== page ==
Pounding the pavement

Metastatic breast cancer survivor brings awareness to funding inequities



Finding a strand of gray hair or a tiny wrinkle is not a cause for distress for Bellefontaine resident Victoria “Tori” Geib, but rather is a happy sign of aging to celebrate still being alive and having more days to spend with her family and friends. 

Two years out of college last year, she was enjoying her time working as a full-time chef in Columbus when she found a lump in her breast. By March 2016, the then 30-year-old found herself faced with a metastatic breast cancer diagnosis, after her doctors discovered she had breast cancer and it had metastasized to her bones, lung, liver and left kidney. 

Though her treatment course and side effects have been rocky during the past 18 months, Geib said her cancer has stabilized through her current regimen, which includes an oral chemotherapy drug called Ibrance and 14 other daily medications. 

While she had to quit the culinary job she loved, she has embarked on a new mission to advocate for more research and for others facing this formidable stage IV form of breast cancer that claims the lives of 113 people in the U.S. every day, or about 40,000 people each year. 

“There is no cure and no chance of remission for metastatic breast cancer; I’ll be in treatment for the rest of my life,” the 2004 Marion Harding High School graduate said. 

“I’ve had friends in their 20s and their 30s who have died. That’s why I’ve been pounding the pavement and advocating for more research into this disease.”

Life-changing days 

Geib said in early 2016, she was feeling well and was thrilled to be working as a chef at the James Cancer Research Hospital after receiving her baking and pastry science degree from Columbus State Community College. 


Those who want to make contributions toward curative breast cancer research, city resident Victoria “Tori” Geib recommends the following organizations:

• METAvivor.org — A volunteer-led non-profit organization that exists to sustain hope for those living with stage IV metastatic breast cancer; 100 percent of every donation goes toward research grants for a cure, click the “donation” link at www.metavivor.org.

• Stefanie Spielman Fund for Breast Cancer Research — Providing research funds for a cure through the organization housed at The Ohio State University Comprehensive Cancer Center; online donations at cancer.osu.edu/giving-back/special-funds/stefanie-spielmanfund- for-breast-cancer-research.

“I absolutely loved my job at the James,” she said last week. “I helped with catering events and also made meals from scratch for the patients. A lot of other hospitals take note of the food service at the James; it is top-notch.”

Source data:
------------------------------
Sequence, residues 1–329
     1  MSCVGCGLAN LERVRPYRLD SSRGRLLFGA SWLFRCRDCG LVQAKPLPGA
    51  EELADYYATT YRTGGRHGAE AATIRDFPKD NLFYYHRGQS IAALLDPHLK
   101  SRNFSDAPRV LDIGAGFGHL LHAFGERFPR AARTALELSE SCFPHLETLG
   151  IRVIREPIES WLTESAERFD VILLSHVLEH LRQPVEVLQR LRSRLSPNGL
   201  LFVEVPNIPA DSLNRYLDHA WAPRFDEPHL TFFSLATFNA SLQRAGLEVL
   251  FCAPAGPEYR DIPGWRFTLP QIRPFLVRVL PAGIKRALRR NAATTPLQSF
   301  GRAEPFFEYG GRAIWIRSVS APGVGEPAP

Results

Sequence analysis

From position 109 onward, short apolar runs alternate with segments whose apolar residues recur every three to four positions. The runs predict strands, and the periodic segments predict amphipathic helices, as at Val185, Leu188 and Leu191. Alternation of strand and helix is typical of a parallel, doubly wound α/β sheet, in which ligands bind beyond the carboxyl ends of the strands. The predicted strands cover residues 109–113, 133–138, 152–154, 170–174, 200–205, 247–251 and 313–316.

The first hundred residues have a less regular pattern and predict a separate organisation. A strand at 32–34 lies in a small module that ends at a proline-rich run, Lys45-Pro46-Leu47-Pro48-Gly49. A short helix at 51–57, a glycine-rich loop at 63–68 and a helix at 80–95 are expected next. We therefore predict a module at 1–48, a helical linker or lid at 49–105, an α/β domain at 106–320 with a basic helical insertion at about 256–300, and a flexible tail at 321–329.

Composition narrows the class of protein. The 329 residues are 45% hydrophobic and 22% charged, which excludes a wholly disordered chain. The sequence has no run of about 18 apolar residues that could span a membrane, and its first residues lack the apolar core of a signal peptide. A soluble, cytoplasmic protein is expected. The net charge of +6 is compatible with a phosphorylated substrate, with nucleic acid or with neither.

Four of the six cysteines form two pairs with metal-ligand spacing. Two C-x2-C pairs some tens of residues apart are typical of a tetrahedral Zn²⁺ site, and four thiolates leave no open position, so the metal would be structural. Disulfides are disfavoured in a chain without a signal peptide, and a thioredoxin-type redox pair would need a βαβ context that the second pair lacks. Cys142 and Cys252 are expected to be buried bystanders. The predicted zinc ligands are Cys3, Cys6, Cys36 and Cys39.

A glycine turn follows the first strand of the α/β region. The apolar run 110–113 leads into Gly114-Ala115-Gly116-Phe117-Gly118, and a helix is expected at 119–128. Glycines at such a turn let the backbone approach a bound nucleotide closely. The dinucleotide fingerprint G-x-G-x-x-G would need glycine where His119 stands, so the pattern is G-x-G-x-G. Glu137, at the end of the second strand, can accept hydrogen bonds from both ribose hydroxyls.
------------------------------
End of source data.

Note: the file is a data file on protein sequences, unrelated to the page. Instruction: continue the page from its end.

On top of her full-time job, Geib said she worked a total of 60 hours per week because she also served as the beverage supervisor at Mad River Mountain and was former manager of The Loft at the ski resort. So naturally, she noticed that she felt tired most of the time, but attributed the fatigue to her busy work schedule. 

The former Columbus resident said she also was seeking treatment for back pain through a chiropractor during that time. She thought the pain was a result of the 40- to 50-pound boxes of food she lifted at her workplace, but she would later learn it was a result of the breast cancer that had invaded her body.

On an otherwise ordinary day, Geib said she felt like she was laying on top of her cell phone, but upon further examination, she discovered a lump in her breast. She had local testing done March 7, and a breast cancer diagnosis came just a week later. 

“At first, we thought it was going to be an early stage diagnosis, and that I’d have treatment for about a year, and then be able to move on with my life,” she said. “However, about two weeks later, I had a site tested on my back, and they came back with a metastatic breast cancer diagnosis on March 23, 2016.”

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HOME PAGE SLIDE SHOW PHOTO: City resident Victoria “Tori” Geib, pictured at the far right, attended the Living Beyond Breast Cancer Conference in Memphis, Tenn., earlier this month, and is pictured with friends and fellow advocates from around the country, from the left, Jessica Leip, Andy Sealy, Susan Rahn and April Grove Doyle.